Empirical Intersects with Epistemological, You Gotta Get Over to Edge.org

10 09 2007

We are witnessing a point in which the empirical has intersected with the epistemological: everything becomes new, everything is up for grabs. Big questions are being asked, questions that affect the lives of everyone on the planet. . . Following the theme of “new technologies=new perceptions”, I asked the speakers to take a third culture slant . . . and explore not only the science but the potential for changes in the intellectual landscape . . .

Darwin was just a phase, the scarlet letter A is bone-headed, and magicians use more sleight of mind than hand?? And how about this — “Two physicists, Cesar Hidalgo and Albert-László Barabási, and two economists, Bailey Klinger and Ricardo Hausmann, have been drawing unusual pictures of economic “space” that promise a deeper understanding of the biggest question in economics: why poor countries are poor. . .”

But here’s my personal favorite because it (most surprisingly) shores up the only finding of my own dissertation back in the last millennium –basically, that it’s a lot easier to discern good from bad quality in education programs, services and resources, without all this tortured evaluation and administrative angst:

One of the founders of your country, Benjamin Franklin, suggested to his nephew that when he made important life decisions, he should do it like a bookkeeper — list all the pros and cons and then make the decision, after weighing everything. That is the classical rational approach.

Q: I make my decisions that way. What’s wrong with it?

A: In some situations, that demands too much information. Plus, it’s slow. When a person relies on their gut feelings and uses the instinctual rule of thumb “go with your first best feeling and ignore everything else,” it can permit them to outperform the most complex calculations. Read the rest of this entry »

Athletic Young Mayor Says He’ll Fix DC Schools By Himself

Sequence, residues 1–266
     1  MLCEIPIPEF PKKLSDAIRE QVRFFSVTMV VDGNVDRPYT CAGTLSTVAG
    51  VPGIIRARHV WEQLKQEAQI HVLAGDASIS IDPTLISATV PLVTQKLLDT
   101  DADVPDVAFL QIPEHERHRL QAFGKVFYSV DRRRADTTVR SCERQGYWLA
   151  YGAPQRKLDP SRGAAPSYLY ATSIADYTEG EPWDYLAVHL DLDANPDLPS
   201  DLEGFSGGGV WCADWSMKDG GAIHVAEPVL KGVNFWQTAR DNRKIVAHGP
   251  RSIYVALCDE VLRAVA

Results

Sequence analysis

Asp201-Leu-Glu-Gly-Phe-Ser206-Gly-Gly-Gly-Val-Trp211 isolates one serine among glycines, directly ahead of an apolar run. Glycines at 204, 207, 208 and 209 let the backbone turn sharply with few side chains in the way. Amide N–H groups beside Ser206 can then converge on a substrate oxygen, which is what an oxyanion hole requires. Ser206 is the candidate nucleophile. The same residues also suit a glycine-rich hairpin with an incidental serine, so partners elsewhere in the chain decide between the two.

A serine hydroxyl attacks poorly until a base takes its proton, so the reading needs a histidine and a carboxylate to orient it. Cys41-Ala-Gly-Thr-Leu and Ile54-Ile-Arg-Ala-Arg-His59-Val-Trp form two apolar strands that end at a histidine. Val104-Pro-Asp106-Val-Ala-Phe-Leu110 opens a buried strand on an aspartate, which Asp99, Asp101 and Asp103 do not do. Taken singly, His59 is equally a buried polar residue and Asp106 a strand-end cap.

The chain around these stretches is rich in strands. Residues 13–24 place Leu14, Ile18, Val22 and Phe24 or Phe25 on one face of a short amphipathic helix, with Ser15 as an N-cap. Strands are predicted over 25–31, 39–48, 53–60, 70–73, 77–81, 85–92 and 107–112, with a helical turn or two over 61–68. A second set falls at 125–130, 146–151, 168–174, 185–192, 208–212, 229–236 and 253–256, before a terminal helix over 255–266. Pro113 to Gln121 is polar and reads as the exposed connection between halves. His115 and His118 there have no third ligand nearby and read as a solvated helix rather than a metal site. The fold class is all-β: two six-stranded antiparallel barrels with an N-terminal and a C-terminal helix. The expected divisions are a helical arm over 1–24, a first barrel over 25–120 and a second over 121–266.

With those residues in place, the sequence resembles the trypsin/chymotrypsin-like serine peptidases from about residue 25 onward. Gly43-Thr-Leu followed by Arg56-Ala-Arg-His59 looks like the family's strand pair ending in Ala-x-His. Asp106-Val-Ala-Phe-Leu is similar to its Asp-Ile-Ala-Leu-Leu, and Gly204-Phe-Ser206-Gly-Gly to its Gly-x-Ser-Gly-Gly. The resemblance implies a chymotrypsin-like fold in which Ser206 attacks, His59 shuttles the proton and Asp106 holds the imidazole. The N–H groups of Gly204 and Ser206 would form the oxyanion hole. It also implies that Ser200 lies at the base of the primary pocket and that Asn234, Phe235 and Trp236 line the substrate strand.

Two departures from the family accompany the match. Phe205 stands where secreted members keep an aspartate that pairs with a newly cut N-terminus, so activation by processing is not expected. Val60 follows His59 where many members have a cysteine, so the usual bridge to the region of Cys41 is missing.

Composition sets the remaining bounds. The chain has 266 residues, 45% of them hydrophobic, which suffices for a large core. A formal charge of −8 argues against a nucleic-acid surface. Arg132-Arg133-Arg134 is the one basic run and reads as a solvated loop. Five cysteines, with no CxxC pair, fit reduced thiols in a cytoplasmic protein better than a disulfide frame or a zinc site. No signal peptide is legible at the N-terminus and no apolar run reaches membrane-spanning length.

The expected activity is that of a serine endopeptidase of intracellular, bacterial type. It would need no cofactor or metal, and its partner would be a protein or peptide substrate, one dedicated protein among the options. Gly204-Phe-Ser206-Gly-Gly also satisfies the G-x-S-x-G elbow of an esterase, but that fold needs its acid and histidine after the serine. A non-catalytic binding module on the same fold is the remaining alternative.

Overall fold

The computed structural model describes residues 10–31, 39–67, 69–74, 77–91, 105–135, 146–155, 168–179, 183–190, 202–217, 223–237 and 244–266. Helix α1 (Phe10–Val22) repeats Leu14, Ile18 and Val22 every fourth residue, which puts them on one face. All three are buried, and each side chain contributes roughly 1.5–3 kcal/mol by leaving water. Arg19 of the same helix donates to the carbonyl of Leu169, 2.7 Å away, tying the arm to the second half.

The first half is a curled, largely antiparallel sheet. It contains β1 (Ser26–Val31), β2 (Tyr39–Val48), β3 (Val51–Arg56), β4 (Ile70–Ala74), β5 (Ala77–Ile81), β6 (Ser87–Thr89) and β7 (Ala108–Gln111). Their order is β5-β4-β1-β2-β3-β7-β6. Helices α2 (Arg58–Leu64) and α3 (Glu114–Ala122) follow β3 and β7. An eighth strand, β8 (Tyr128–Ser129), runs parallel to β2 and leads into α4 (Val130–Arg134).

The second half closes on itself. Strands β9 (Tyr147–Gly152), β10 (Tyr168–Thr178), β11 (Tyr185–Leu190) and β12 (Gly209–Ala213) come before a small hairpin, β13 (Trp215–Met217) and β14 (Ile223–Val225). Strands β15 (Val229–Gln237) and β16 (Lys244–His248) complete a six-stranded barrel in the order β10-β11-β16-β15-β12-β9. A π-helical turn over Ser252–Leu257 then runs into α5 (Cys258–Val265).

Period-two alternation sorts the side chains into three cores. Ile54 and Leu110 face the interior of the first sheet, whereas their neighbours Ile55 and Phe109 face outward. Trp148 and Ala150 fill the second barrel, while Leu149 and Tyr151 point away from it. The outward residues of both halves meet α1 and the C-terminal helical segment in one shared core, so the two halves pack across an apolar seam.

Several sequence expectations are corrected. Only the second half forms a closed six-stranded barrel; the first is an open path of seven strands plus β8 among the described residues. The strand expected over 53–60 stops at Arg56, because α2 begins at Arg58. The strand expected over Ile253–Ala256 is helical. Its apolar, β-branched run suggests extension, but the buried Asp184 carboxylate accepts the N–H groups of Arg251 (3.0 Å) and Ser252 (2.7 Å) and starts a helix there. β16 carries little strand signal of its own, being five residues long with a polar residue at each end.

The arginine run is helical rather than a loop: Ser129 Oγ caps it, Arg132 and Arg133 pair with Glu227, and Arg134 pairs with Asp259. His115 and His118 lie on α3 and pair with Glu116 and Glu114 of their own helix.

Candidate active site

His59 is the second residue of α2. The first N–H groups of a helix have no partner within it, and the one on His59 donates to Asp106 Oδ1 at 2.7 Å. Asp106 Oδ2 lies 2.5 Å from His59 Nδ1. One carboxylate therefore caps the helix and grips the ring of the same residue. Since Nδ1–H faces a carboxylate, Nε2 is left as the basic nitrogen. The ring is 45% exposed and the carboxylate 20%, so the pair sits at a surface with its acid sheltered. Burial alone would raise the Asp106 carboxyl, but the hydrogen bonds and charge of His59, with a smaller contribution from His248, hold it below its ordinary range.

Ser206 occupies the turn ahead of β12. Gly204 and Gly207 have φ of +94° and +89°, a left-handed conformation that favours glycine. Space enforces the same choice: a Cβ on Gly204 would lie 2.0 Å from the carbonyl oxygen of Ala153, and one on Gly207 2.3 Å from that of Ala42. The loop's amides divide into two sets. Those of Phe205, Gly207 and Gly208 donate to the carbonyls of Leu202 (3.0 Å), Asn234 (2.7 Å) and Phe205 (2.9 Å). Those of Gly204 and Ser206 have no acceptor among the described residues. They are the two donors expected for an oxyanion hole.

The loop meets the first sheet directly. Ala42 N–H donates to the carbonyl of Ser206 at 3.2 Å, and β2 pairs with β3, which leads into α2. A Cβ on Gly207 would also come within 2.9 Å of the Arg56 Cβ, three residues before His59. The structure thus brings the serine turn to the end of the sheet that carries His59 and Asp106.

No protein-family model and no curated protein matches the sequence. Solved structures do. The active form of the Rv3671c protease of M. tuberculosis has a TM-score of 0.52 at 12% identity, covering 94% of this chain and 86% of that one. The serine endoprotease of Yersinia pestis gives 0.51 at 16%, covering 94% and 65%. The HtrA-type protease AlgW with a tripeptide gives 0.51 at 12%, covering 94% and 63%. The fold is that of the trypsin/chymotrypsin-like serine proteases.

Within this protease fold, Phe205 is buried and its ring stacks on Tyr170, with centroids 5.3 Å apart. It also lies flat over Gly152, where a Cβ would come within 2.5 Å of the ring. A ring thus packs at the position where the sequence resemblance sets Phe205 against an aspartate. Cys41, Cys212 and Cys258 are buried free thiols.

10 09 2007

Like the Little Red Hen only faster, she said dryly.

Reportedly he IS planning on at least a little help, from a Korean-American woman he named as his “chancellor.” (I wonder if she goes along on his predawn power runs too? Can she keep up and if not, what does that prove again?)

 . . . Mr. Fenty, 36, is the youngest mayor in the city’s history, a populist more comfortable on the streets than behind a desk and a man impatient to get things done. . . In June, he seized control of the schools from the Board of Education.

. . .“For me the schools issue is partly personal,” Mr. Fenty said as he drove to inspect a school on the first day of classes last week. In high school, he said, he watched too many friends drop out or graduate unprepared.

He added that he remained an optimist, even though he had been stunned to find the school system in worse shape than he imagined.

“It’s been like peeling an onion,” he said of the layers of problems.

Hapless Twenty-Somethings Majored in Terrorism?

10 09 2007

The phrase “hapless twenty-somethings” tickled my consciousness this morning, as I slowly woke to NPR.

Which got me thinking, do hapless young adults pose a real threat to my domestic tranquility, once they are miseducated into radicalized religion and/or politics of any kind up to and including actual terrorist training? (Jesus Camp comes to mind, shudder . . .)

Let’s say they do, they all do whatever they have been taught — then what?

The hapless young idealists in today’s story were arrested by the FBI, *before* they could hurt me, because they had been taught sufficiently scary stuff, said the government. It’s called “preemptive justice” (arrest before crime, which the courts call impermissable “prior restraint” when it comes to journalism and the public’s right to know) — hmmm, but public education IS the public’s right to know, so shouldn’t schooling be just as constitutionally free from prior restraint as journalism, not to mention terrorist wannabes? Maybe more so?

Did these hapless twenty-somethings have the right to educate themselves in middle eastern terrorism, without prior restraint? Yes? — is that more or less freedom from prior restraint than a hapless middle schooler gets, to not dress out for PE because she’d rather read in the library? If we don’t restrain her from the library, will we restrain her from reading certain things once there — just in case it might lead her thinking astray?

Will the government test her on whatever she is allowed to read, until she learns that reading is a state function? Never mind her rights, will all that serve our right to have her know what we need her to know, to protect OUR rights from government?

Surely there are better answers on this test than prior restraint and preemptive justice. (Got any ideas?) If there is no best answer, does that mean we should just skip the question? Is there a scoring penalty for that?